Hiking one of the numerous trails in the Kenai National Wildlife Refuge, fishing the Russian River, or even walking out back to feed livestock -- any and all of these activities could bring a person nose to nose with a Kenai Peninsula brown or black bear. It's part and parcel with life in Alaska.
However, how these situations are handled can often mean the difference between safety or injury, and a new book aims to educate people to ensure more of the former.
"Unlike my first two books, this is a safety manual," said Steven Stringham, of Soldotna, in regard to his newest publication, "Alaska Magnum Bear Safety Manual."
Stringham is no stranger to the subject of bears. He holds a doctorate in wildlife management and ecology; has taught courses on bears, bear safety and big game and furbearing mammals at the Kenai Peninsula and Mat-Su campuses of the University of Alaska Anchorage; and has nearly 40 years experience working around bears in Alaska, where he has conducted much of his field research from a distance of less than 10 yards from wild bruins.
This is Stringham's third book on bears. His first work was "Beauty Within the Beast: Kinship With Bears in the Alaska Wilderness," which came out in 2002 and was largely a journalistic account of his experiences raising bear cubs. His second book, "Bear Viewing In Alaska: Expert Techniques for a Great Adventure," was published in 2007 and designed to be a practical guide for those that participate in this activity. This new book focuses on educating people to many facets of bear behavior.
"This book teaches how to be around bears safely -- how to avoid bears when you don't want an encounter, what to do if you do have an encounter, how to watch bears safely, and how to deal with it if a bear becomes aggressive," he said, naming just a few topics.
Unlike other books on this subject which focus on learning from encounters that led to an attack, Stringham took a different approach and also focused on encounters that didn't end in bloodshed.
"It's like trying to teach someone how to fly an airplane. It's useful to study crashes, but just studying people's failures isn't going to lead to success," he said.
Also, unlike many bear behavior and bear safety books that attempt to generalize bruin behavior over every conceivable area where brown and black bears are known to exist, Stringham kept his book to a local focus.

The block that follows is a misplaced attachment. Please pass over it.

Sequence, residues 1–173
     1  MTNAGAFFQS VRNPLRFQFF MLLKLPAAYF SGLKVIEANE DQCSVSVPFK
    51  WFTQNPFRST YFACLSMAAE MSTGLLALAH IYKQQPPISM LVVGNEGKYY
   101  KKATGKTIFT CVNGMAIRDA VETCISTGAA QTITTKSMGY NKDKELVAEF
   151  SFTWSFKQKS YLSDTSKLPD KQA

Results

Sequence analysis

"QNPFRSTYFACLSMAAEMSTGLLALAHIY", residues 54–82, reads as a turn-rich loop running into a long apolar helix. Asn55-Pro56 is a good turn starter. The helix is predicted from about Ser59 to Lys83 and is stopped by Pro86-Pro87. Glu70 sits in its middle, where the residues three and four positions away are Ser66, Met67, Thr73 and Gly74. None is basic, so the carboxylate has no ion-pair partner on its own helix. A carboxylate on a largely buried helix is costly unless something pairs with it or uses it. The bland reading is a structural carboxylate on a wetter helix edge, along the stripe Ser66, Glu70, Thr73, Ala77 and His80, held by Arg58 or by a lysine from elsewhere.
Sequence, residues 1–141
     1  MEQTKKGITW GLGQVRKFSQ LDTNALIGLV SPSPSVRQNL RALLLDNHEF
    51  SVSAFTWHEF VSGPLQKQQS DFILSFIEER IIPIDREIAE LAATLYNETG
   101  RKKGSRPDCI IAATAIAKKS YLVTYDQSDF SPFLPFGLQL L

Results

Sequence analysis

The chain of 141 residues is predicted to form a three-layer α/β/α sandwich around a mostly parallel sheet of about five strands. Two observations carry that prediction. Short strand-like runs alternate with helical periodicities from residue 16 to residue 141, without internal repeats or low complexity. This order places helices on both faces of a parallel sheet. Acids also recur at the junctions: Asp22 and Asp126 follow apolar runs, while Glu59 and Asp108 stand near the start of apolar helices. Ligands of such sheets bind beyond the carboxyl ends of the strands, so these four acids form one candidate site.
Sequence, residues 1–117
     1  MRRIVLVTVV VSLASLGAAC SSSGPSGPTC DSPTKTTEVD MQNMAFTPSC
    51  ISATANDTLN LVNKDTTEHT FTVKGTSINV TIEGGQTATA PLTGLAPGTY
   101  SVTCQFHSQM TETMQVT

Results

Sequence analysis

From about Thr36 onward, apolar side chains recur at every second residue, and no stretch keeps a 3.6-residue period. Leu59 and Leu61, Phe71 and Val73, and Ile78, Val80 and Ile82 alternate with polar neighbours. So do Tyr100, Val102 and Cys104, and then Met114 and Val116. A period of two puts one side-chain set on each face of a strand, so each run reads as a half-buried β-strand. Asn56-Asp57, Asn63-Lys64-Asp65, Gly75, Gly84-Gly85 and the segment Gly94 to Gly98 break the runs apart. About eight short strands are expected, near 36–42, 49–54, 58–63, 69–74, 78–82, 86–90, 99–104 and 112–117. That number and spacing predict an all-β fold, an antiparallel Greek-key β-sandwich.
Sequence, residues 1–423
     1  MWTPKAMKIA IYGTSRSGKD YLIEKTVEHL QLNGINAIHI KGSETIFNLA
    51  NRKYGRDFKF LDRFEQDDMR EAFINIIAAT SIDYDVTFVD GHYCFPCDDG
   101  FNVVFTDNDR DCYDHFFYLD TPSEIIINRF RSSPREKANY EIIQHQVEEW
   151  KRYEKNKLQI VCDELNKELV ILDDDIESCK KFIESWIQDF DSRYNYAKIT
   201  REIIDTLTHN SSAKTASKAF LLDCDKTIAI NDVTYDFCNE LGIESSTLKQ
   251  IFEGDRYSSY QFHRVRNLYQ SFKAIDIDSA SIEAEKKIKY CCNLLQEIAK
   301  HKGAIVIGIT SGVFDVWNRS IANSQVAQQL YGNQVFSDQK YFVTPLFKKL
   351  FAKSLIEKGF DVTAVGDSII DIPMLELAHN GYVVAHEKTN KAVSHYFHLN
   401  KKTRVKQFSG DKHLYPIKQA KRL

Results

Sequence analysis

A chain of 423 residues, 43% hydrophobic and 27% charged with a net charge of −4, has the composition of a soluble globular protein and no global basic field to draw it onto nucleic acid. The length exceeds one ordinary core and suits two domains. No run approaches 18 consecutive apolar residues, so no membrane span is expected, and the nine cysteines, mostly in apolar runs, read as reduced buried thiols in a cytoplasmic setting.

"It's tailored to Alaska conditions, since some information about bears in the Sierras, the Rockies and the Lower 48 may not apply," he said.
Stringham explained the primary difference is that unlike the Lower 48, where people are many and salmon are few, Alaska is the reverse.
"We're dealing with bears that eat a lot of salmon, and this has a big effect on their ecology, social behavior and relations with people. They're more tolerant of people than bears in the Rockies and many other places outside the Pacific Northwest," he said.
Still, some argue the best solution is to shoot more bears, in an effort to reduce their numbers and make those that remain more afraid of people. The problem with this antiquated notion is that it can backfire, Stringham said, because most maulings already happen out of fear, not aggression.
"Most attacks on people are defensive attacks, such as when a bear is surprised or a mother fears for her cubs. Offensive attacks are very rare," he said.
As such, Stringham said shooting more bears isn't the right approach.
"There are more options for dealing with them, which is what I'm trying to show," he said.
The book is packed with detailed descriptions of bear body language, which Stringham said can help people better understand what a bear is signaling when it is encountered.
"People often misinterpret a bear trying to avoid a problem as them trying to start one, so I explain how to interpret what a bear is telling you," he said.
Stringham also reviews several techniques for minimizing problems with using a firearm as the solution.
"There are details on how to deter bears, such as how to easily set up an electric fence and why pepper spray is often more effective than using a gun, but I do go over how to kill a bear when you have to," he said.
As to who would benefit from this book, Stringham said anyone that goes outdoors, particularly fishermen, hunters, campers, hikers and wildlife watchers, and he hopes they will head this resource.
"I'm trying to keep people safe, and bears from being killed unnecessarily, which there's a lot of in this area, but trust and respect is essential for living together," he said.
Joseph Robertia can be reached at firstname.lastname@example.org.
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